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Corey Jones case: Is increased scrutiny of police spurring changes? (+video)

Shifts in thought

More public scrutiny is producing a rise in charges against police – although the numbers remain relatively low. A grand jury in Florida indicted Officer Nouman Raja Wednesday on charges of manslaughter and attempted murder in the death of  Corey Jones, a black musician whose car had broken down.

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    Corey Jones, 31, a professional drummer, is shown in this photo released by Florida State University National Black Alumni, Inc. on October 20, 2015. A grand jury on Wednesday indicted the officer who fatally shot Jones on charges of manslaughter and attempted murder.
    Florida State University National Black Alumni/Handout via Reuters
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When musician Corey Jones' car broke down in the middle of the night last October, driving home from a gig in Florida near Palm Beach Gardens, he immediately called an AT&T roadside assistance number for help.

After nearly an hour, he finally reached an operator. But when Mr. Jones, who was black, was approached by a plainclothes police officer who stopped to investigate the parked SUV, his call became something else entirely – evidence in a police shooting.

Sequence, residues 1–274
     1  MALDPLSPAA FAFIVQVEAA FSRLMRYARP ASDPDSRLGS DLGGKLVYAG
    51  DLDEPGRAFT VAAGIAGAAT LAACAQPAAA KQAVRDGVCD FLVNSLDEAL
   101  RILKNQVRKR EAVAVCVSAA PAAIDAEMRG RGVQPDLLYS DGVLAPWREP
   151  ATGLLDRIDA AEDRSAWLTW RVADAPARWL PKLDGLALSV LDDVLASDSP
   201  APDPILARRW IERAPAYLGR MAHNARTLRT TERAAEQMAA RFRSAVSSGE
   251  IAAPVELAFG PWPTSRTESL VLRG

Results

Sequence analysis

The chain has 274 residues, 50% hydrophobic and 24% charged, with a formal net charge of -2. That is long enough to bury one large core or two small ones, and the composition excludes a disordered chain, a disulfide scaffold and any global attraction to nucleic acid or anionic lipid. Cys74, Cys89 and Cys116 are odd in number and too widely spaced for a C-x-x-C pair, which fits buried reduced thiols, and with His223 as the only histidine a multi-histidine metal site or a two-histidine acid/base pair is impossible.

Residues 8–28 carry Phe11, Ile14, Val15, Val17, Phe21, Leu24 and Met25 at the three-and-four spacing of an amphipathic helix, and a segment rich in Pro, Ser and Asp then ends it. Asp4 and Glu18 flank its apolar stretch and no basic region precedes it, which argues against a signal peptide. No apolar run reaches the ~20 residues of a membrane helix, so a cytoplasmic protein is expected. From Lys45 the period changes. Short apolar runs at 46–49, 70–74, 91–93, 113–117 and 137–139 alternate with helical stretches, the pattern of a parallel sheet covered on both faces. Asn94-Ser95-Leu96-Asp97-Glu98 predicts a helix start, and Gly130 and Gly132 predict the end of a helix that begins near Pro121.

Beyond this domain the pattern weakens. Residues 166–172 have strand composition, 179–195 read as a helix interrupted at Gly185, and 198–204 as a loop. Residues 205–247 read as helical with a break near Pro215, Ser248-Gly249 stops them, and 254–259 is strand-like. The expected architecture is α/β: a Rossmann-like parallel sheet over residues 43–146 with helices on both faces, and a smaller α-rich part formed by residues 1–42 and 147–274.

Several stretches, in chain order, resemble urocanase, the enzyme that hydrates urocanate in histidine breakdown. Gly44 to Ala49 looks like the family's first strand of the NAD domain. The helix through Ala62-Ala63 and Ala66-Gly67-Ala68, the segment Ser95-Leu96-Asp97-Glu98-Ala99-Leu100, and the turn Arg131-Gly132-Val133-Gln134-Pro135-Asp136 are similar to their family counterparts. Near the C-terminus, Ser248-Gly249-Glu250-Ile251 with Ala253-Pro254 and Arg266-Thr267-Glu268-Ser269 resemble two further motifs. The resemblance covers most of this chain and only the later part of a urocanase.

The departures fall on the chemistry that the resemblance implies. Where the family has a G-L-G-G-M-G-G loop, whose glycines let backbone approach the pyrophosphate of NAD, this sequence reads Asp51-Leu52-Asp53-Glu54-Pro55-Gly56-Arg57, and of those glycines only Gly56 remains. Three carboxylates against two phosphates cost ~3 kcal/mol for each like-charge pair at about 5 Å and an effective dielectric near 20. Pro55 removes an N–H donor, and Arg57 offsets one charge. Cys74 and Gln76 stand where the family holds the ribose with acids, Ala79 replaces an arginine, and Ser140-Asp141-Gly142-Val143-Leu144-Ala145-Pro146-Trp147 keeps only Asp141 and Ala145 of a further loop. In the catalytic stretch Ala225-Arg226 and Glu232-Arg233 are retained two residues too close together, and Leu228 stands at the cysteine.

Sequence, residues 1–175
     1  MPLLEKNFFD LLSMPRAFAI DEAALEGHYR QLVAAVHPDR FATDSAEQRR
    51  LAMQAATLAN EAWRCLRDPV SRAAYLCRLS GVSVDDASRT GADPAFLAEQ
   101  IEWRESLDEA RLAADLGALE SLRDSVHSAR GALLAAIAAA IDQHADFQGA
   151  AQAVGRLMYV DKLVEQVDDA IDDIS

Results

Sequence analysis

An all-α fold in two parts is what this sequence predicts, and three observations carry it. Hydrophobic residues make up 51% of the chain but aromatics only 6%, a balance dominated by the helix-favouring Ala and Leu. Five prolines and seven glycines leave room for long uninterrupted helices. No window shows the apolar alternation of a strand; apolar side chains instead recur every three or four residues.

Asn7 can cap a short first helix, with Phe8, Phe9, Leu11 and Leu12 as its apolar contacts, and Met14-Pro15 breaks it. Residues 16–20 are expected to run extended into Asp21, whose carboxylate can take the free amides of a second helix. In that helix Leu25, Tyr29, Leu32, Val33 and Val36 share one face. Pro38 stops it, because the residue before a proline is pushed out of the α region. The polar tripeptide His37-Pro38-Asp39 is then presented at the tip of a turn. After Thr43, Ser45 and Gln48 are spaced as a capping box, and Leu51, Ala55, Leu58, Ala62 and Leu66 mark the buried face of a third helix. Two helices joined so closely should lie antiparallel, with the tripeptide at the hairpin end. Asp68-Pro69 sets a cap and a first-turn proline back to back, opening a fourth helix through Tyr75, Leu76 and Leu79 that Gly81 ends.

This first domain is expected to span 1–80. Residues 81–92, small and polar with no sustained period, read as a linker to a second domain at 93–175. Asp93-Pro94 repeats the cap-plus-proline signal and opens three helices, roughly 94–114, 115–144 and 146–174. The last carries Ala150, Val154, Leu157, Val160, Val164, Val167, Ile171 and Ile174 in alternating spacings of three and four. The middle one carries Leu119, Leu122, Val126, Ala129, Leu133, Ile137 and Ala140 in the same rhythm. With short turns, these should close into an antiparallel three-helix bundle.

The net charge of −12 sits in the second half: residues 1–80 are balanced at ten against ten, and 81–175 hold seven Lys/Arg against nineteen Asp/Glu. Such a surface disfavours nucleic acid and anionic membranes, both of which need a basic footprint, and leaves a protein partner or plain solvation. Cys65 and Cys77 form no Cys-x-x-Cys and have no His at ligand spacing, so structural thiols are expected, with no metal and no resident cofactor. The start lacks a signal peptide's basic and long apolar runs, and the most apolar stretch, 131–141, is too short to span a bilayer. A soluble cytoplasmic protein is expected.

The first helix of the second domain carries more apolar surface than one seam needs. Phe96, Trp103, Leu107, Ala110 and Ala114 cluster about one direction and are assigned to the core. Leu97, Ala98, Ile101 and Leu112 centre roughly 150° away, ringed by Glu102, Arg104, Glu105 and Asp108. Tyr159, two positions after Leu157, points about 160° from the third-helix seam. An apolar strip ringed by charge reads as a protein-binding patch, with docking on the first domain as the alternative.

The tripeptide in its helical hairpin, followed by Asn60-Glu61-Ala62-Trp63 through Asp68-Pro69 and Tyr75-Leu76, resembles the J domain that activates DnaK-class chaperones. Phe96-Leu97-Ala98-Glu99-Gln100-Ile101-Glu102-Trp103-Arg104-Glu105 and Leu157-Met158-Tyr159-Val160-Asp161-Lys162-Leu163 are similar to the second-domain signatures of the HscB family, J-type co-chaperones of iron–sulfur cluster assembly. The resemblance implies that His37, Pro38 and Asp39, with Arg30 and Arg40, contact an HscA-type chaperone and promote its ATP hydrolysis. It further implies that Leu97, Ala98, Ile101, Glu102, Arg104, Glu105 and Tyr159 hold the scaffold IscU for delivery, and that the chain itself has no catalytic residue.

On Wednesday, a grand jury indicted former Palm Beach Gardens police officer Nouman Raja on charges of negligent manslaughter and attempted murder, saying the officer's shooting of Jones, who was black, was "unjustified."

The recording of the call, which reveals that Officer Raja never identified himself as a police officer before quickly opening fire on Jones, was a key factor in what some say, even in the post-Ferguson era, is a still unusual legal outcome.

"What's different is you've got everybody watching now, so you get all kinds of questions that come up in regards to transparency," says Philip Stinson, an associate professor of criminology at Bowling Green State University in Ohio. "You get all kinds of questions about whether a local prosecutor should actually try the case… or whether you should bring in a special prosecutor."

The national conversation about police using excessive force, particularly directed at young black men, has also led to a significant shift. In the past, cases that didn't lead to charges against police – the death of Michael Brown in Ferguson, Mo., or the shooting of Jamar Clark in Minneapolis, Minn., for example, might have gained only local or regional attention.

Now, Professor Stinson says, cases of police misconduct can potentially become "show cases" – trials that are closely watched around the country, a class of criminal cases that was previously dominated by high-profile celebrity trials, such as the O.J. Simpson trial in the mid-1990s. That scrutiny has the potential to spur more changes in policing practices.

But Stinson, who became a criminologist after stints as both a cop and a lawyer, is cautious about interpreting an increase in prosecutions of police as a trend. The numbers are up but remain low. He found that the number of officers charged with murder and manslaughter in fatal shootings increased to 18 this past year, up from an average of about five a year between 2005 and 2014. So far, this year, including the Jones case, there have been six, he says.

A recording of Jones' call reveals that Officer Raja, who was dressed casually and not wearing police identification, opened fire after only a brief exchange with Jones.